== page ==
What are the benefits of a balance transfer card?

The savings. You could potentially save hundreds of dollars over a year by moving your debt over to a 0% deal. 

Scenario: Say you have a credit card with an average balance of $4,200* and the average rate of 17.10%**. If that balance was rolled across to a card with a 0% balance transfer deal for 12 months, you would save $398 in interest. But that’s only if you use the balance transfer card the right way, as there are some common pitfalls to avoid…

What are the traps of a balance transfer card?

While a BT credit card can be a helpful product to pay down debt, here are some of the things to steer clear of:

  • Applying for multiple balance transfer deals. Did you know every time you apply for a credit card it leaves a footprint on your credit report? So it’s a wise idea to check what your credit score is before you apply to ensure you’re in a good position to be approved. The Australian Government lists some of the websites that allow you to download a copy of your credit report here.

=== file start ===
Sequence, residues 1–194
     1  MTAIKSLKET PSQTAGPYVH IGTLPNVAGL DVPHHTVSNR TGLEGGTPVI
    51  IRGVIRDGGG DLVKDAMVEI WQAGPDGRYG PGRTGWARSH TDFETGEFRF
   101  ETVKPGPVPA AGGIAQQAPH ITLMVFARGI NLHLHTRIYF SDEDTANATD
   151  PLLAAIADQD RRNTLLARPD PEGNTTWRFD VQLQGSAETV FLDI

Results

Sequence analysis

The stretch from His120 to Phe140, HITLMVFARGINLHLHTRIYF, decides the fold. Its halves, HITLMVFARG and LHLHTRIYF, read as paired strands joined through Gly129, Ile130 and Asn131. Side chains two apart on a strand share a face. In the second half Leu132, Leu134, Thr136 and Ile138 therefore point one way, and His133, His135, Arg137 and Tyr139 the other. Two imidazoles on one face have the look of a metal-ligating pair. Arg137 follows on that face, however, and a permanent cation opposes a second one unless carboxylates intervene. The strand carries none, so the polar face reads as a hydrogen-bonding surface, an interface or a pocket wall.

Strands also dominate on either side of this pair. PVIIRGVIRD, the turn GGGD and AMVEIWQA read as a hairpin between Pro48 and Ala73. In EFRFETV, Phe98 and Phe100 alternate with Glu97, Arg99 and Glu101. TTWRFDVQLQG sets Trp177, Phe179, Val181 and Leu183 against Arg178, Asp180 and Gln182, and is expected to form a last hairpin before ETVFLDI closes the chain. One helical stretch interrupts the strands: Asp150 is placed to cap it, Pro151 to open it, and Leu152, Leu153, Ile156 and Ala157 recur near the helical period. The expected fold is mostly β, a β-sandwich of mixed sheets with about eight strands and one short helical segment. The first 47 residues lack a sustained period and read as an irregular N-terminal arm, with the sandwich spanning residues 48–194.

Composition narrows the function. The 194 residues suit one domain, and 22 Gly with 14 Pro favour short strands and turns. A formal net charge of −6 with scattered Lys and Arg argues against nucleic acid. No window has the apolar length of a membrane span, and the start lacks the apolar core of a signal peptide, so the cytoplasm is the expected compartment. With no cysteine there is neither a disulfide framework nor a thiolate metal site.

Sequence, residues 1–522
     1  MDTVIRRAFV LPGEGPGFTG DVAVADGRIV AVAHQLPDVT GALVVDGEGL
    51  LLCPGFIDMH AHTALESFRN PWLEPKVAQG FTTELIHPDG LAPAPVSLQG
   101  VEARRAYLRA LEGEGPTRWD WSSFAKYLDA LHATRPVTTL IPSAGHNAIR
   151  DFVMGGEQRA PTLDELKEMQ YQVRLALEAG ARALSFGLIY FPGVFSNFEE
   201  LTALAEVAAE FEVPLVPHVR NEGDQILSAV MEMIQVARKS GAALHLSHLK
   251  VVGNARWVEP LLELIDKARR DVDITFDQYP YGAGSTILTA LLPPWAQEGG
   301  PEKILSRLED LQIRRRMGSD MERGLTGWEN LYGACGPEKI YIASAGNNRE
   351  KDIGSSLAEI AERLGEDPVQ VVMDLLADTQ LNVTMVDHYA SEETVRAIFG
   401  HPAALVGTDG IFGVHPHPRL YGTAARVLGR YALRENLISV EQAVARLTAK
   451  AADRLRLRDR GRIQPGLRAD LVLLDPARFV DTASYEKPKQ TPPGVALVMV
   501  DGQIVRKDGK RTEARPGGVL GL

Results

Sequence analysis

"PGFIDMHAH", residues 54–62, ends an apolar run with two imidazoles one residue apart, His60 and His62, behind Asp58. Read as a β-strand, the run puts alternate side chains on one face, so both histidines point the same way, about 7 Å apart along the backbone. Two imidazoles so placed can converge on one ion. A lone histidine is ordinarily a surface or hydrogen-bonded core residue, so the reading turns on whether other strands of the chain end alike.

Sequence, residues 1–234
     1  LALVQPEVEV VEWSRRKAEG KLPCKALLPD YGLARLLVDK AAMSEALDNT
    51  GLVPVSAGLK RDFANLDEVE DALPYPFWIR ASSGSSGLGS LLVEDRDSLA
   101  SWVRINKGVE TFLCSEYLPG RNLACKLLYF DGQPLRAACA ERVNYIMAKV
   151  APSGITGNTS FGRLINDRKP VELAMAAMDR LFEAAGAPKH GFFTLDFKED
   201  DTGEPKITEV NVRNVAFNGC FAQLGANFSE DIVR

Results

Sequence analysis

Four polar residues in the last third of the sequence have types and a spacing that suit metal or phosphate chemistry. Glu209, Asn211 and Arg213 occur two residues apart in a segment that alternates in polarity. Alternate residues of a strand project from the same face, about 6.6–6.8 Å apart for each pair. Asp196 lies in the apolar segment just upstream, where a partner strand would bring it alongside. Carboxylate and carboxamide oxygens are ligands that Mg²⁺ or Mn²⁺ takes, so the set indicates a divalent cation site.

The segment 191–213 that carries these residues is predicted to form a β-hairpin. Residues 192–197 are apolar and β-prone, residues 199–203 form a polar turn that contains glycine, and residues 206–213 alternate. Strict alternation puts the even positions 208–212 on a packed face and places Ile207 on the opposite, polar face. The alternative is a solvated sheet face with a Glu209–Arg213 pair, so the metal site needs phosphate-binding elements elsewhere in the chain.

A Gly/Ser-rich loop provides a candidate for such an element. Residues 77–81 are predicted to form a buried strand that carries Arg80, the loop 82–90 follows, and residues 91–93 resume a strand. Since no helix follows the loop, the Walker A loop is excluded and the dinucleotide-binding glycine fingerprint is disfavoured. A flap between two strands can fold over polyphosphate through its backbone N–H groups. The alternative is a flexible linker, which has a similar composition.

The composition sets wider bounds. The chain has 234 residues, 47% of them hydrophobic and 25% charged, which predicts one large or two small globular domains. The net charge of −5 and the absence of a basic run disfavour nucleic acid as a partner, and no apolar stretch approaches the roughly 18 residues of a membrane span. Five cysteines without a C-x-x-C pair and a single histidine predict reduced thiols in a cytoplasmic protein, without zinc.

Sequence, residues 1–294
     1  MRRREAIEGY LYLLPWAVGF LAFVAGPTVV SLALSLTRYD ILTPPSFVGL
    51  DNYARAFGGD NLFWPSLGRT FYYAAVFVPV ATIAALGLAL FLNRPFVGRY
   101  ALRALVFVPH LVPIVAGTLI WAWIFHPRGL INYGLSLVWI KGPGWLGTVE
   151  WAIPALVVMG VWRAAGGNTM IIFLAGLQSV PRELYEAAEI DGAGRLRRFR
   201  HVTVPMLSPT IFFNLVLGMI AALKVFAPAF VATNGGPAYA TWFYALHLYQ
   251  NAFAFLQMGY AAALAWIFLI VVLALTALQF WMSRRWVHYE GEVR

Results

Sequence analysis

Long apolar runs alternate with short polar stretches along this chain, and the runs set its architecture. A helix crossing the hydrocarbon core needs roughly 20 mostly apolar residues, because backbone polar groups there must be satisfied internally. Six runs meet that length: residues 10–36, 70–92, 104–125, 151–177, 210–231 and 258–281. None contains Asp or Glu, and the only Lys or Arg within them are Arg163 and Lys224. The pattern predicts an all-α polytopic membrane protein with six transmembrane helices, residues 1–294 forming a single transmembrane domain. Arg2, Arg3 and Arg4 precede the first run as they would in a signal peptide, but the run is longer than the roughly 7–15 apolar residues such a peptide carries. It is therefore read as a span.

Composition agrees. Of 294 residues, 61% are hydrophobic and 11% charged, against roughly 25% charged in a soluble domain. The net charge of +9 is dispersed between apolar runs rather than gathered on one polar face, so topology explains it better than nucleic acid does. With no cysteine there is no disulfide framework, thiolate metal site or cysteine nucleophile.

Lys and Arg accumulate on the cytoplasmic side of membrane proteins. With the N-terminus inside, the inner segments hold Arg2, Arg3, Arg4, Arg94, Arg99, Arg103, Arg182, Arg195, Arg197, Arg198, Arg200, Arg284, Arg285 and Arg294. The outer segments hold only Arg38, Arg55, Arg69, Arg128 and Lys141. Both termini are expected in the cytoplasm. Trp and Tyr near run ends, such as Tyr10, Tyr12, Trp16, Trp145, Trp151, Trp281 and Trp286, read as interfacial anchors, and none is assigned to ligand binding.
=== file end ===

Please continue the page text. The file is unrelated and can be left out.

• Failing to make a repayment budget. It might be tempting to only pay the minimum repayment amount each month but this will mean your debt is still hanging around when the BT honeymoon period ends. In other words, that 0% interest rate will revert to the higher ongoing purchase rate that we mentioned above is on average 17.10%**. So take the time to work out how much you’ll need to pay each month to blast the debt within the BT period. For instance, say you take out a card with a 0% balance transfer deal for 12 months, if you have the average balance of $4,200* you would need to make a monthly payment of $384 to pay off the debt before the BT period comes to an end.
  • Spending on the balance transfer card. You might think when you receive the new plastic in your pocket, it’s time to put it to good use but this will only mean it will take you longer to pay off your debt. The reason is because any new purchases have to be paid off first and you’ll also incur the higher purchase rate. So if you’ve worked out you need to pay $380 a month to pay off your debt before the balance transfer period comes to an end but then rack up $200 on the new card, that month you will have only paid off $180 of your original debt.